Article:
The evening of Jayne’s surgery, I dialed her number with a heavy heart.  “How are you, friend?” My beautiful, spunky, life-loving friend’s response? “I’m cancer-free! I traded my broken-down leg for LIFE, and before you know it, I’ll have a new, state of the art leg!” If I was stunned at the news of Jayne’s leg amputation, I was even more stunned at her victorious insight. Turns out the wedding director has a very important wedding coming up…that of her niece…and she is NOT going to miss it!

David and Jayne are two people that recognized it was time to let something go so they could move forward into something better. As David and Jayne each live life in their own bright, winsome ways, people walk away with this thought: “If someone with that kind of devastating loss can find hilarious joy in this life, maybe joy is possible for me, too.” They are making an impact for great encouragement in the lives of all who come in contact with them.

When David and Jayne relinquished control, they each lost a leg.  But they gained LIFE. And ministries that reach all kinds of people in all types of situations.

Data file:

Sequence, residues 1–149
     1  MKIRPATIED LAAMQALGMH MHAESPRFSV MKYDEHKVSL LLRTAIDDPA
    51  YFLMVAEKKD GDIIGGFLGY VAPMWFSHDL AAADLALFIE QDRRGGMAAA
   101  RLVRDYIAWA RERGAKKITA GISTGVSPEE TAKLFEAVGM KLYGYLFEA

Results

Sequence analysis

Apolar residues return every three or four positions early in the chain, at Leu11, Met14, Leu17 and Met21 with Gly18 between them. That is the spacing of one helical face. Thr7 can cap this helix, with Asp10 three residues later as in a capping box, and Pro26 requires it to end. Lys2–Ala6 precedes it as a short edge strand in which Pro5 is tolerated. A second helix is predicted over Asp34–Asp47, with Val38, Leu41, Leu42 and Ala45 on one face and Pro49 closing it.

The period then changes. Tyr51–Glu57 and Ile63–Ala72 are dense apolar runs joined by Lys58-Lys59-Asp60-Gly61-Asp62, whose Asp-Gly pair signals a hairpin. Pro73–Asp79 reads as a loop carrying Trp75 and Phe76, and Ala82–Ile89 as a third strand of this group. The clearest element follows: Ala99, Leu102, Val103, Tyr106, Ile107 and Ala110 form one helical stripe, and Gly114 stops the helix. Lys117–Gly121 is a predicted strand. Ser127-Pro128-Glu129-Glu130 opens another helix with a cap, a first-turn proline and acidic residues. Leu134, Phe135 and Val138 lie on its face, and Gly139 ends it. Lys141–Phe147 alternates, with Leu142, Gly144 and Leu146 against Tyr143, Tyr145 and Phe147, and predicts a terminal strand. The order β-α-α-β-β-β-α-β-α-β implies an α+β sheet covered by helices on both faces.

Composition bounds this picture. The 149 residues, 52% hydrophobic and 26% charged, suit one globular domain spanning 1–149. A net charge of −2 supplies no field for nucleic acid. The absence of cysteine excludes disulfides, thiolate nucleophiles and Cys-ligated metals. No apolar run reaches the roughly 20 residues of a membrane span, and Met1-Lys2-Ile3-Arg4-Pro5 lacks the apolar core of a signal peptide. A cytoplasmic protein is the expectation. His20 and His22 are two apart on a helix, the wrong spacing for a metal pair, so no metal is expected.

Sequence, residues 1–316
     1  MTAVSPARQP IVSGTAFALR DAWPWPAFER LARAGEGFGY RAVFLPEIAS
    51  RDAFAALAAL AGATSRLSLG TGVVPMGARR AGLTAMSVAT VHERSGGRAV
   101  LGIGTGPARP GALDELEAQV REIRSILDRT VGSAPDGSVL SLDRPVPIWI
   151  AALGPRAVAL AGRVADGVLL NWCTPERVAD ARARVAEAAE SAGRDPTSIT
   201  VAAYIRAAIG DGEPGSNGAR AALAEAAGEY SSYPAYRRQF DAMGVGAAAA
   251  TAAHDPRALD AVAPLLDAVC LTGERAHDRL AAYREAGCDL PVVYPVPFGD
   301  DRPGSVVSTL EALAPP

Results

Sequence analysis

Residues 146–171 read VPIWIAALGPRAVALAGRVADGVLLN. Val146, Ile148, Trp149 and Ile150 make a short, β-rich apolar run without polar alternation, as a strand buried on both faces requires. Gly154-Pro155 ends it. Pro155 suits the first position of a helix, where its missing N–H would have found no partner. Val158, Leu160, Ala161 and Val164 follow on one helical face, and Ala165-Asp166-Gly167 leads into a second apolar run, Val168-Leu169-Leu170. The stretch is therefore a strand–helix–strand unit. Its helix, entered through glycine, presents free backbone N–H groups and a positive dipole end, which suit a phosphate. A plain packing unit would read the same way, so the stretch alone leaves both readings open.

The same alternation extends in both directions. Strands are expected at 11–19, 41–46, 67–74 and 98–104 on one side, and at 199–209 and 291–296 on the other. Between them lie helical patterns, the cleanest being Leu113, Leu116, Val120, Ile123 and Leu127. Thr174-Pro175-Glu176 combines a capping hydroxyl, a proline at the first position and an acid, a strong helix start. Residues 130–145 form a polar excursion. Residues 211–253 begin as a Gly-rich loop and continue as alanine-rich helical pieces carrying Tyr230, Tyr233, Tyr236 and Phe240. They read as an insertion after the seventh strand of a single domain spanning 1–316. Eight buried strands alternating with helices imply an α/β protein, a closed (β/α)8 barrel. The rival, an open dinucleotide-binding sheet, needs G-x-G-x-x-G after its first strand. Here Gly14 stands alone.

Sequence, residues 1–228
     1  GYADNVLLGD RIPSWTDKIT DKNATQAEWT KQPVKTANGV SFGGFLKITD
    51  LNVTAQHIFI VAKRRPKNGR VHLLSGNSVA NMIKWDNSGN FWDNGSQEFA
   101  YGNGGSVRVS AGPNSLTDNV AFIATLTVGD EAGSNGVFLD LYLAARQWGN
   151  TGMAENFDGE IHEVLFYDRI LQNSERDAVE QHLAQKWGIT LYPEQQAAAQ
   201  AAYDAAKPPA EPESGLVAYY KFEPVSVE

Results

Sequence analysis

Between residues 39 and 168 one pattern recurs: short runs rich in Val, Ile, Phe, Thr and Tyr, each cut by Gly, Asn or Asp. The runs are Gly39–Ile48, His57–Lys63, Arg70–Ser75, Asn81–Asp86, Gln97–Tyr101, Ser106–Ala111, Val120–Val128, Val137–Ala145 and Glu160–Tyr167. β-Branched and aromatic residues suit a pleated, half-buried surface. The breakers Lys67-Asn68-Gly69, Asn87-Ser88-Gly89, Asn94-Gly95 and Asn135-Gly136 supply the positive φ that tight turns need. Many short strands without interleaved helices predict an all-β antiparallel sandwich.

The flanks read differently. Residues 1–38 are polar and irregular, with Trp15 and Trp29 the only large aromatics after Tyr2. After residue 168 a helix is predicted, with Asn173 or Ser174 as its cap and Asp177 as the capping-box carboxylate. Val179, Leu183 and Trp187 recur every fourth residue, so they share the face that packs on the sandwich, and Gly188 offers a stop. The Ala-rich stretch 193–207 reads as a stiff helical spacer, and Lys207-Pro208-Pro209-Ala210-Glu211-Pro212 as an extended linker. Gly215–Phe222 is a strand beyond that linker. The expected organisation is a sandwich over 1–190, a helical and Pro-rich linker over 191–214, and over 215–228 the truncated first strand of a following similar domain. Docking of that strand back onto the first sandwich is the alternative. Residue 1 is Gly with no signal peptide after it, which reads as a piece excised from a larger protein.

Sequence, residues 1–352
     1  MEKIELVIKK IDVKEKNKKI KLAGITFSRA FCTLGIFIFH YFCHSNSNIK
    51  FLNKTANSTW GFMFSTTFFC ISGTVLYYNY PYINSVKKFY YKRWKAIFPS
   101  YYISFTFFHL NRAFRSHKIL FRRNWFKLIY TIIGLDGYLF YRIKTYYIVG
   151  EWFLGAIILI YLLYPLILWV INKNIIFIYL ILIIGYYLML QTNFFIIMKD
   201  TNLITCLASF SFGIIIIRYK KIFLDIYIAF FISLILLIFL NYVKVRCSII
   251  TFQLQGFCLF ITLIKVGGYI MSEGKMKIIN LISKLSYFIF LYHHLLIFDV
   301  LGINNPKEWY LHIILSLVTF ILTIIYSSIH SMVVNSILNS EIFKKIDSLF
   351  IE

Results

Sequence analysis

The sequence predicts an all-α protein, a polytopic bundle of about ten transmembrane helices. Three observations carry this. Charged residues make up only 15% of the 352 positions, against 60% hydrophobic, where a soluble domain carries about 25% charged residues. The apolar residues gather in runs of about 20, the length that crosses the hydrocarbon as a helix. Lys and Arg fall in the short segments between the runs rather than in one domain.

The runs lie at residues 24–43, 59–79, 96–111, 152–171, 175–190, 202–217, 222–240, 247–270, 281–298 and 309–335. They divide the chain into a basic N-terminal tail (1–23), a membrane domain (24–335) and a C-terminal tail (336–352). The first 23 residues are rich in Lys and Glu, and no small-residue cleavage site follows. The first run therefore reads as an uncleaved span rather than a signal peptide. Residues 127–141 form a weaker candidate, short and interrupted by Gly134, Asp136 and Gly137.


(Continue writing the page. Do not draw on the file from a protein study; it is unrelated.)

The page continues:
David and Jayne

David Duncan and Jayne Smith

I’d love to hear from you: What are you holding on to that God may want to exchange for something bigger?

Copyright 2016. Connie Carey is the author of “Falling UP”, a resource for grief and loss. You can reach her at http://www.conniecarey.com.

7 Ways God Works in Your Difficult Times

If you live in the South, you are enjoying the beauty of the Crepe Myrtle tree as its long branches are beginning to sprout.  This time of year, it seems to grow by the day and by June, the weight of it’s flowering blooms will drape elegantly while reveling in the full sun and heat of summer in the south.

But each February I marvel as gardeners take to these beautiful trees with saws and clippers, cutting back the statuesque tree down to a hat rack.  The first time I noticed this process, I thought, “They’ve killed these trees.  They’ve been cut back too much and they’ll never come back.”

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But, I was wrong.  In April, little sprouts began to appear.  In May, they were coming forth and by June, their blooms were in glorious splendor, whether white, purple or hot pink.

Crepe Myrtle